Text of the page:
Interview with Chef Yohanis
By Mistre Tekaligne, August 01, 2019
TV personality and healthy eating advocate, Chef Yohanis, has been using local and international platforms to bring to light Ethiopia’s rich culinary history since he moved back to Ethiopia in 2013. Linkup sat down with him to discuss his intriguing journey. Enjoy.
What was your first job in the culinary world?
My very first job was actually at the opera. I used to welcome people and just watch the whole show and make sure that everything was running smoothly. But in the culinary industry, my first job was at Le Miramar – a seafood specializing fine dining restaurant in Marseille, where I got my biggest experience as a chef.
What is the motivation that drives your culinary passion?
I use food as a platform to express art. Once I received my bachelor’s degree in visual arts and came back to Ethiopia, I realized that if I wanted to make a career out of being a chef, I would have to focus only on the small portion of the population, which would be the elite. But I wanted to do something that would involve a much bigger part of my community as I want gastronomy to be available to everyone.
What drew you to the Ethiopian culinary scene?
Back in 2013, I used to work in Starwood Properties. Usually, once you start working there, your career is set; you travel around the world working for this huge company. So I was taken care of. But when I was at the St. Regis, I saw my executive chef using “Berbere”. It made me stop and question myself. For me, it wasn’t just about cooking in the international arena, it was about understanding my culture and bringing my own value into it. So I decided to go back to Ethiopia and start a TV show.
Where do you draw your inspiration for your signature move of blending the modern with the traditional?
The base is the TV Show. The “Chef Yohanis Qegnet” TV Show is a culinary and lifestyle entertainment show which allows us to travel across Ethiopia looking for the best food practices. We are inspired by the know-how and ingredients that we see and use that as a learning curve to come back to my kitchen and create something new based on what we saw.
For example, in Lalibela, there is a bread they make out of oat. It’s a thin bread, almost like injera, but because oat has gluten, the bread is more elastic and lacks the popped bubble texture of injera (which adds flexibility and makes it easier to clump more stew with it). So, as they cook, they gather around the griddle and whistle. They do this so that the sound vibrations from the whistles break the air bubbles trapped in the dough, to give it that popped bubble texture. Ethiopia has such a rich history and culinary legacy that we have so much to offer to the world, but we are kind of forgetting that. My co-writer actually came to Ethiopia to check the facts because he didn’t believe it. We did the trials, where I whistled on my side and he didn’t on his. There was bubbles on my side but none on his.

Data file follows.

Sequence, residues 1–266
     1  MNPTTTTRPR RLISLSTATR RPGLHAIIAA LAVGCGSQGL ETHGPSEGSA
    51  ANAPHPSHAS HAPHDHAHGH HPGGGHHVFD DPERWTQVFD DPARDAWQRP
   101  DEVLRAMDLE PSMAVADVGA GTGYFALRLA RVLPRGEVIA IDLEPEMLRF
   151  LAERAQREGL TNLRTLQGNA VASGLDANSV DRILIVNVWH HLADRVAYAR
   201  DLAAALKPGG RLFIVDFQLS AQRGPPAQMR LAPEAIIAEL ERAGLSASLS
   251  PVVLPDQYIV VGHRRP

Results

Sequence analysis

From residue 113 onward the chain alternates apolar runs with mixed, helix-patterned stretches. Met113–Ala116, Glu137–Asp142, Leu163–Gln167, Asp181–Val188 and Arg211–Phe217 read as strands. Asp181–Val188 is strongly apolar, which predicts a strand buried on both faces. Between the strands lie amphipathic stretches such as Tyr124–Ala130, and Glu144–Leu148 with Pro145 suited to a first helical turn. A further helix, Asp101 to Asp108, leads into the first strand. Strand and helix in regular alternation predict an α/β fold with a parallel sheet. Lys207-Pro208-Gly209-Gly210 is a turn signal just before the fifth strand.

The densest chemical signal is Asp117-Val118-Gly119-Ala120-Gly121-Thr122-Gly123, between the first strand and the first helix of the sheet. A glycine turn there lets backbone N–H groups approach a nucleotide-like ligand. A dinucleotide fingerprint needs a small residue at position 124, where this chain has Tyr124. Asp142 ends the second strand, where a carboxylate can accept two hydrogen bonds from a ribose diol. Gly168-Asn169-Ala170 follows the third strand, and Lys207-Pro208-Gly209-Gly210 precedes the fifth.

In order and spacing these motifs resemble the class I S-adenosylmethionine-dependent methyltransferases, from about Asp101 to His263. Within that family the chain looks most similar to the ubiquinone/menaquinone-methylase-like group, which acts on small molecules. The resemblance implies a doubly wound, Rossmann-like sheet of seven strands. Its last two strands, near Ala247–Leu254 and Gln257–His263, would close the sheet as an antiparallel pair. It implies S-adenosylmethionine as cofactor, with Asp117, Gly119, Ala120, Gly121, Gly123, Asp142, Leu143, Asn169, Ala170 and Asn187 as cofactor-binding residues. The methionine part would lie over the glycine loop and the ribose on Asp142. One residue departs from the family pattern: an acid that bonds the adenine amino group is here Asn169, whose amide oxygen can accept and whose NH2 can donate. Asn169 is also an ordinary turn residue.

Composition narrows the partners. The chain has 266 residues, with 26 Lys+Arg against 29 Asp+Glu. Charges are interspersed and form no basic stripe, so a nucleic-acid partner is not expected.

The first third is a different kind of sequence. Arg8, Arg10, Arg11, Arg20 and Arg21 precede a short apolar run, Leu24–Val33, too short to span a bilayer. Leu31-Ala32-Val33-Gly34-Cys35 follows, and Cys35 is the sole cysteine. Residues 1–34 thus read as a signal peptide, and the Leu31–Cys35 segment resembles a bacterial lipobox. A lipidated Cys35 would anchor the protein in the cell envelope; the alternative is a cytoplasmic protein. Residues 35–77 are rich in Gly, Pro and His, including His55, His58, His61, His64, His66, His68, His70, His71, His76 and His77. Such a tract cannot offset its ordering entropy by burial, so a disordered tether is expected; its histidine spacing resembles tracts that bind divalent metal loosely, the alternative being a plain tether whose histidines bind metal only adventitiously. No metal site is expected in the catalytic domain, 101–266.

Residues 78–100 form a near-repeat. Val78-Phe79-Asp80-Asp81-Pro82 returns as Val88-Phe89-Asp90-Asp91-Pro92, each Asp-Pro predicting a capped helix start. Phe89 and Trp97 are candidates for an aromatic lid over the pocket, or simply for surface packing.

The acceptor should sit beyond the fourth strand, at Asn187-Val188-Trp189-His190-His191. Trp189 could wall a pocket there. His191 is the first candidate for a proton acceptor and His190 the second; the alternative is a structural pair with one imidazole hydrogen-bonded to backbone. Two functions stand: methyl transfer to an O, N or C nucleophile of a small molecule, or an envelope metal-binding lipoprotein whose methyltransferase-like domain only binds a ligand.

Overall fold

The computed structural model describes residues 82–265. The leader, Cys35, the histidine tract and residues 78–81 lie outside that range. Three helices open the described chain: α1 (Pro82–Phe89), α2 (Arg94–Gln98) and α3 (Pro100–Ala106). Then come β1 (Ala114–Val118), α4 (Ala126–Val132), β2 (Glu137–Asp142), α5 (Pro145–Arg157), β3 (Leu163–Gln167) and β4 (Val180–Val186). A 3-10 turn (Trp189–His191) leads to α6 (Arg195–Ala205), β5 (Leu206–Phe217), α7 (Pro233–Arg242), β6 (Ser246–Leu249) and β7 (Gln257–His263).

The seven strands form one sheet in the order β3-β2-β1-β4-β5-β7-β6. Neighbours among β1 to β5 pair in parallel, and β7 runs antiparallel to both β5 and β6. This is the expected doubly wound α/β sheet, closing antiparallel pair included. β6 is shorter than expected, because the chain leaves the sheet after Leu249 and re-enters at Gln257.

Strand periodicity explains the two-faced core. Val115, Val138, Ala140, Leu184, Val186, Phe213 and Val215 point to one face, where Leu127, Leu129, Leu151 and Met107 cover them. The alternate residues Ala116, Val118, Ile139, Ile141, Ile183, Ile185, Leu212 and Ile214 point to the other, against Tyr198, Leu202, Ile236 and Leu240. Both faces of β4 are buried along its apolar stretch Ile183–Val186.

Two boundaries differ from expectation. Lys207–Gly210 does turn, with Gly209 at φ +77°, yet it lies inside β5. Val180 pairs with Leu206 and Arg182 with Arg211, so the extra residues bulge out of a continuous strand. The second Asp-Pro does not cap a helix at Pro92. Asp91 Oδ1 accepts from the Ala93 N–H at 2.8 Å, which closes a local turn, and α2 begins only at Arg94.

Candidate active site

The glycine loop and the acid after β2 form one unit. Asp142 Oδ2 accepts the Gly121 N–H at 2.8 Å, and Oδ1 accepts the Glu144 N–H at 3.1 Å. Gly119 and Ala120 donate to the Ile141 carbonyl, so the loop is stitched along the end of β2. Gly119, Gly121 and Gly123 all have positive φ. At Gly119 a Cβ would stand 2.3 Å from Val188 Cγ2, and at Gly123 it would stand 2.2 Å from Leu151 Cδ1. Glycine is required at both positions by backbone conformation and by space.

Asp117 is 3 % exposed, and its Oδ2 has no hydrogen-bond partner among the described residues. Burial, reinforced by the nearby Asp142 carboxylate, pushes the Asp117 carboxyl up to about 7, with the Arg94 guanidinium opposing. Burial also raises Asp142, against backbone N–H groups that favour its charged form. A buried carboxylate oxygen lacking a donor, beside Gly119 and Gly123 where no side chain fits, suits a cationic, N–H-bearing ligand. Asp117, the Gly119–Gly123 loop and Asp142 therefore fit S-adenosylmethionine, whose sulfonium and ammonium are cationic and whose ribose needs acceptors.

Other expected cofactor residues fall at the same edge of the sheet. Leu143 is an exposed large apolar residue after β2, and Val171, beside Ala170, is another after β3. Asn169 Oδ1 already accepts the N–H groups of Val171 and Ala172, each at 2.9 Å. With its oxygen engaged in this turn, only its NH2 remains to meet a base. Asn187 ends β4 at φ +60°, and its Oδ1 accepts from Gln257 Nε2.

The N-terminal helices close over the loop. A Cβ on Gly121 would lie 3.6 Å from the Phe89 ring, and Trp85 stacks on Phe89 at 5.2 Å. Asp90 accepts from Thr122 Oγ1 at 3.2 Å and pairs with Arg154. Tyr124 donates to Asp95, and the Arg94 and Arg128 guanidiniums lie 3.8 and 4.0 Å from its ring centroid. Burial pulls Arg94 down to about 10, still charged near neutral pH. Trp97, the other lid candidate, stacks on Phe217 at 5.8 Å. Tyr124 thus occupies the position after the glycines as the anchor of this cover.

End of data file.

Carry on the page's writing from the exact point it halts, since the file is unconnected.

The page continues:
What are some of the challenges you have faced in your journey?
Primarily, I struggle with the consistent availability and quality of ingredients. Additionally, I am concerned about the value we, as Ethiopians, give to the hospitality industry; what service means, what cooking means and how people see it. In France, a chef is well respected and valued for his work. So a lot of chefs dedicate their lives to the service industry. In Ethiopia however, even servers are barely acknowledged when they come to the table. Which shows that cooking and service isn’t yet given much value unless it is media related.
What are some of the projects that you are currently working on?
I just finished a tour for my book “Ethiopia: Recipes and Traditions from the Horn of Africa”. The book explores Ethiopian recipes along with their history and helps readers understand why our cuisine is shaped the way it is now, why we have so many vegetarian options, why we don’t have enough sweets and how different regions, climates, religions impacted the cuisine. It comprises 80% of traditional recipes and 20% of my own interpretation. I am also working at the Hyatt Regency where I have my signature menu. For any corporate or social event, people can request my menu. They can even have me cook there live. We are also in the works to start cooking classes at their hotel beginning on 1st September, 2019. And I have another TV Show right now called Addis Guaro, which airs on Kana TV.
Do you have any new projects in the pipeline?
I am about to open my first healthy fast food chain restaurant called “Misaka” (Amharic for lunch box) scheduled to debut in January, 2020. As the condominium life is growing on a daily basis and people don’t have the time or money to cook at home, and they can’t afford fine dining on a regular basis, fast food is becoming an important part of food service. Other than that, the book is being translated in to German and Italian languages. We are working on releasing the Amharic edition of the book, in collaboration with GIZ Institute. It will maintain the same quality as the UK Edition, but it will be available at a more affordable price.
Do you have any other message that you would like to share with our readers?
One thing I would like for people to know, especially the diaspora community, is that it’s our duty to convey our traditions to the next generation. Not just for them to know how to cook but to also understand who they are and the values that their ancestors stood for.